When one partner is contributing (or perceived to be contributing) less to the organization: less time, effort, money, results, etc., the seeds are planted for dissent within the relationship. This awareness can be a natural progression within many partnerships. If one partner is significantly older than other(s), his or her energy and engagement may wane earlier than the other’s. If this situation deepens and the partners fail to address it, a complete breakdown may occur.
Seven: The Business Outgrows Its Founders
Piercy points out that starting a business and leading a business demand a different set of skills. Many founders struggle with recognizing the transition and making it. If one co-founder is not effective at leading a maturing organization, it can stress the relationship and the company. Small to mid-sized organizations that emphasize an inclusive culture can struggle with how to handle employees who were once effective but have failed to keep up with the company’s growth; the issue is even more challenging when the no-longer-qualified person is not just an employee but also an owner.
Eight: Failure to Hire Professional Help
“Without outside help,” Piercy writes, “entrepreneurs find themselves dealing with issues well outside their skill sets. Balls get dropped. Fingers are pointed. Relationships fray.” Some owners never fully recognize the need to hire professional management and engage expert advisors. Other owners see this need but then struggle with finding, hiring, and leading those people. Failing to field a competent team not only hinders sustained business growth, but it also endangers the partnership.
Nine: The Kids Don’t Want to Work in the Business
Within family-owned and led companies, lack of interest, engagement, or alignment can undermine business partnerships regardless of how strong the family bonds may be.
In addition to Piercy’s valid point, we, in exit planning, see additional reasons family issues can undermine business partner relations. For example, if one partner has family who works in the company, but another partner does not, the partners may find themselves advocating different exit strategies. The partner with children in the company wants the company to go to his or her kids, whereas the partner without children in the company wants to sell to an outside buyer. These seemingly incompatible exit goals can erode partner relations without a plan on how to accommodate everybody’s desired goals.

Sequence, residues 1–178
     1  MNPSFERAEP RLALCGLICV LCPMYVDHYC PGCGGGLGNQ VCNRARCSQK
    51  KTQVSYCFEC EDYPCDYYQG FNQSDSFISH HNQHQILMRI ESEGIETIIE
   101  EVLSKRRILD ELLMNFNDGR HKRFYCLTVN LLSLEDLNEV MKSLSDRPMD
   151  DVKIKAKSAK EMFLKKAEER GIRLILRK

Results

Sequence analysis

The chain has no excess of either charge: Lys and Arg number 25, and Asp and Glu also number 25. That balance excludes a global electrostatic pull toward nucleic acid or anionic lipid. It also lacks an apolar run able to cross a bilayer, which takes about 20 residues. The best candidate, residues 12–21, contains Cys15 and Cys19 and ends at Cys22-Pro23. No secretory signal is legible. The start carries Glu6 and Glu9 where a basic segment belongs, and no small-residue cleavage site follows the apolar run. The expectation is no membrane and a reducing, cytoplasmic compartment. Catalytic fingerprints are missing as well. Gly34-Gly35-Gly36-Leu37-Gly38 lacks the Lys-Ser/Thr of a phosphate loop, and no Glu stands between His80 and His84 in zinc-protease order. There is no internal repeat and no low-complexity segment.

Ten: One Partner Has Baggage
“If your partner has more issues than National Geographic, it may be time to cancel the subscription,” writes Piercy. The experienced lawyer also notes that while it is noble to support a partner who is experiencing serious personal matters, everybody must protect the company and not let personal baggage bring down the partnership or the entire organization.
We once worked with a $100 million company where one of the owners had a severe alcohol problem. For years his partners bent over backward to support this person, including covering for their partner during extended absences during periods of treatment, and relapse. However, their tolerance reached its end when the partner drunkenly confronted a client. After this, the other partners regretfully knew they had to pursue a corporate divorce.
How to Avoid a Corporate Divorce, or What to Do If You Need One
While Life is Too Short for a Bad Business Partner is essential reading for the business co-owner who recognizes that he or she must get a corporate divorce, all business partners should read this concise book. It will not only guide an owner through the operational, legal, and financial steps of a partnership dissolution, but Piercy’s book too can help all partners implement sound business practices and take corrective action within a struggling partnership before it is too late.
Click here to register for an upcoming webinar interviewing Bill Piercy about this topic.
To secure your copy of his book, visit Amazon.